Formed by Jen Bailey and Rick Hornby a few years back, the group say it was a shared love of, “lost romanticism, soundtracks, 60’s girl groups, 80’s hooks, good footwear, attention to detail, and the darker side of classic British guitar pop” that brought them together, and such reference points are certainly audible in the material they’ve released so far.
With inspirations stemming from early cinema including the 1983 American drama ‘Rumble Fish’: “Alienation and teen angst summed up and beautifully shot”, and the epic Maysles brothers’ documentary on the Rolling Stones’ 1969 U.S tour ‘Gimme Shelter’: “The most intense gig in history… Life/death/music”, the duo focus their energies on the symbolism within their music. Their influences go deeper still, homing in on specific imagery within art and film: “The theme of escape in both film and art is always influential to us, the whole ‘to the big city’ idea: runaway destinations, cityscapes, skylines, New York/Paris/London.” This is overtly evident in their sense of distance and exploration.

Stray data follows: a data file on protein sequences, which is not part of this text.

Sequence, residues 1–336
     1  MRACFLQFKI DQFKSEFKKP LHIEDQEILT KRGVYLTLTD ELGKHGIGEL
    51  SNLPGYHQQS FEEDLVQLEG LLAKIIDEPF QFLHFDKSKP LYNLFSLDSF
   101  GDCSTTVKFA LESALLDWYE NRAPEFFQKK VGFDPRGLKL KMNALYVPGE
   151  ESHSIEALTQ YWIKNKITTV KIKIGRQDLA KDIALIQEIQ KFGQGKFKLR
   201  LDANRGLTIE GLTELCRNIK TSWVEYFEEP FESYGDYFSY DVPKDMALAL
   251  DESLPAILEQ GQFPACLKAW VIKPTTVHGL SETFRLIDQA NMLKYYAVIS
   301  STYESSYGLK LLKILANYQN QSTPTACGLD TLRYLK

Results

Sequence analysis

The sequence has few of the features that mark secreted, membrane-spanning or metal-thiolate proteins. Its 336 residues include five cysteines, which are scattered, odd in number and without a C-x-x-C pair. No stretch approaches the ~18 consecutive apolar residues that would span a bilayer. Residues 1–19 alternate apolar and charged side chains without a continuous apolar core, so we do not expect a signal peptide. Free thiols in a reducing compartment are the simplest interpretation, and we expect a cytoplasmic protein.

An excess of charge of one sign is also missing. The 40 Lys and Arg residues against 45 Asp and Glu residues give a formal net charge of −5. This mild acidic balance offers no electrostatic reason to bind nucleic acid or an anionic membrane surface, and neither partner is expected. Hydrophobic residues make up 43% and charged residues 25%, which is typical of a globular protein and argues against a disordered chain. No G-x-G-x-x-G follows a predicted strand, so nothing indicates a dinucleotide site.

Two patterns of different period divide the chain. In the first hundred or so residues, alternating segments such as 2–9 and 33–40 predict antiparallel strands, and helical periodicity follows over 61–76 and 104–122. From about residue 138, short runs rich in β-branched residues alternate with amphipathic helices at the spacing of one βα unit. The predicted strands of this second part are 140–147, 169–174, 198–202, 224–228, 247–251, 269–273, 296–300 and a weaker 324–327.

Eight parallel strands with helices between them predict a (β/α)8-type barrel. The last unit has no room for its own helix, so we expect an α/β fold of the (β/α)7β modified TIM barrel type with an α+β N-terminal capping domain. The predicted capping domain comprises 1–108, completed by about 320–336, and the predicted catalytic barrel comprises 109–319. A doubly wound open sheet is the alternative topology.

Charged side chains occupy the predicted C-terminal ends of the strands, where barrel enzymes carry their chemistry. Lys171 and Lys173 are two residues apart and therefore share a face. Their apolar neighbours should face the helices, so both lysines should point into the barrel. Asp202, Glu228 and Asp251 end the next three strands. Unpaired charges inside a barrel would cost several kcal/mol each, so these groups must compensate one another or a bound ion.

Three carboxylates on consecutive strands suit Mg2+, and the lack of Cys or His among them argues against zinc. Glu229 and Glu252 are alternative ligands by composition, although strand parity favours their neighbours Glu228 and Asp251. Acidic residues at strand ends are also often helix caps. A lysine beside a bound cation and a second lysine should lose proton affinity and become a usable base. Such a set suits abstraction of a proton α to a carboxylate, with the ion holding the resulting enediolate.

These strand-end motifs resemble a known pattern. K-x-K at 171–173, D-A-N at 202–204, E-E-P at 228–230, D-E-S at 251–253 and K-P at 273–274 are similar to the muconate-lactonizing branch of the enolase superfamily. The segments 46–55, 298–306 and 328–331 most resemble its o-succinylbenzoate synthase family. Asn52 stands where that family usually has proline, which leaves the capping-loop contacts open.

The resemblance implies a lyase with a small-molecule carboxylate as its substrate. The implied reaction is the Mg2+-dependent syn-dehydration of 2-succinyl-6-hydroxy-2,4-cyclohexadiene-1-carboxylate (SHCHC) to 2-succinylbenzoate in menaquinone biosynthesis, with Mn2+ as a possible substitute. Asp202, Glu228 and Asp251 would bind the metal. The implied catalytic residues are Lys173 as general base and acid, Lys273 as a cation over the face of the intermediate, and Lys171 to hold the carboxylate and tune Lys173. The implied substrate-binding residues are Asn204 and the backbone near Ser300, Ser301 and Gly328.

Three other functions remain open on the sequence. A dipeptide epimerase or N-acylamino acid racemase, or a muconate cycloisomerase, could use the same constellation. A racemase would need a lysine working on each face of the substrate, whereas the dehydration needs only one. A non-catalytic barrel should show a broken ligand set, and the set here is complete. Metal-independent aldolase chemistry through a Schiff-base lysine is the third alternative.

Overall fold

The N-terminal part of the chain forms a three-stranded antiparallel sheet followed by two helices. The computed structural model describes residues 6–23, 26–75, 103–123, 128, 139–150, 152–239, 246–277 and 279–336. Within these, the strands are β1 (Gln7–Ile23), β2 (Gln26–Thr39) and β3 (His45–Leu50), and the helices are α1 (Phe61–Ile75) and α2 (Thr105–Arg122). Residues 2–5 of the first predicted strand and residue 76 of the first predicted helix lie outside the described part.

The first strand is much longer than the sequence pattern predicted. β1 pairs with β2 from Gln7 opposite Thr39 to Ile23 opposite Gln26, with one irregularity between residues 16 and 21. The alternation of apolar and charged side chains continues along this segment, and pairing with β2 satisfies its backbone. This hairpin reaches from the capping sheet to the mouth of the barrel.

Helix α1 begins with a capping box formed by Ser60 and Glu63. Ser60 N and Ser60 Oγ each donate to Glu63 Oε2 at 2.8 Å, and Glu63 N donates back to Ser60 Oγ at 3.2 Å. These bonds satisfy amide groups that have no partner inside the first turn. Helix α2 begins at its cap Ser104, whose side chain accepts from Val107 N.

Their first outing ‘Killer’s Son’ first captured imaginations when it was released as a free download back in 2012, and sonically seemed better fitted to the saloons of the American mid-west than the pubs of the English north-west. Their first full-length release – ‘Do This For Me’, through Giant Haystacks / Fierce Panda – saw them dip into wistful balladry, and came accompanied by a remix from Californian psych-rockers Crocodiles, while their brand of poignant introspection found a fitting setting when they were invited to support Britpop icons Suede at the Southend leg of their UK tour last year.
After recently headlining at Matt And Phreds in Manchester, further support has come from BBC’s Introducing Manchester and, as they take their hometown by storm they will continue to make listeners dance with a broken heart.